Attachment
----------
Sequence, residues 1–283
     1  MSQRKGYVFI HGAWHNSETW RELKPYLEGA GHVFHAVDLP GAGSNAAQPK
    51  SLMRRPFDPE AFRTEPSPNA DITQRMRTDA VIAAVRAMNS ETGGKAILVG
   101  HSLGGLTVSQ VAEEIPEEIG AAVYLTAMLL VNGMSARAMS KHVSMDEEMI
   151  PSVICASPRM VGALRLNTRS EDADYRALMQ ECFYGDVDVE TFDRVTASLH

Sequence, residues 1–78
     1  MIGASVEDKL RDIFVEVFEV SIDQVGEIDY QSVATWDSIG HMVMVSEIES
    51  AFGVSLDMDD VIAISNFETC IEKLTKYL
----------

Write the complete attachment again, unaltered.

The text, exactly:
Sequence, residues 1–283
     1  MSQRKGYVFI HGAWHNSETW RELKPYLEGA GHVFHAVDLP GAGSNAAQPK
    51  SLMRRPFDPE AFRTEPSPNA DITQRMRTDA VIAAVRAMNS ETGGKAILVG
   101  HSLGGLTVSQ VAEEIPEEIG AAVYLTAMLL VNGMSARAMS KHVSMDEEMI
   151  PSVICASPRM VGALRLNTRS EDADYRALMQ ECFYGDVDVE TFDRVTASLH

Sequence, residues 1–78
     1  MIGASVEDKL RDIFVEVFEV SIDQVGEIDY QSVATWDSIG HMVMVSEIES
    51  AFGVSLDMDD VIAISNFETC IEKLTKYL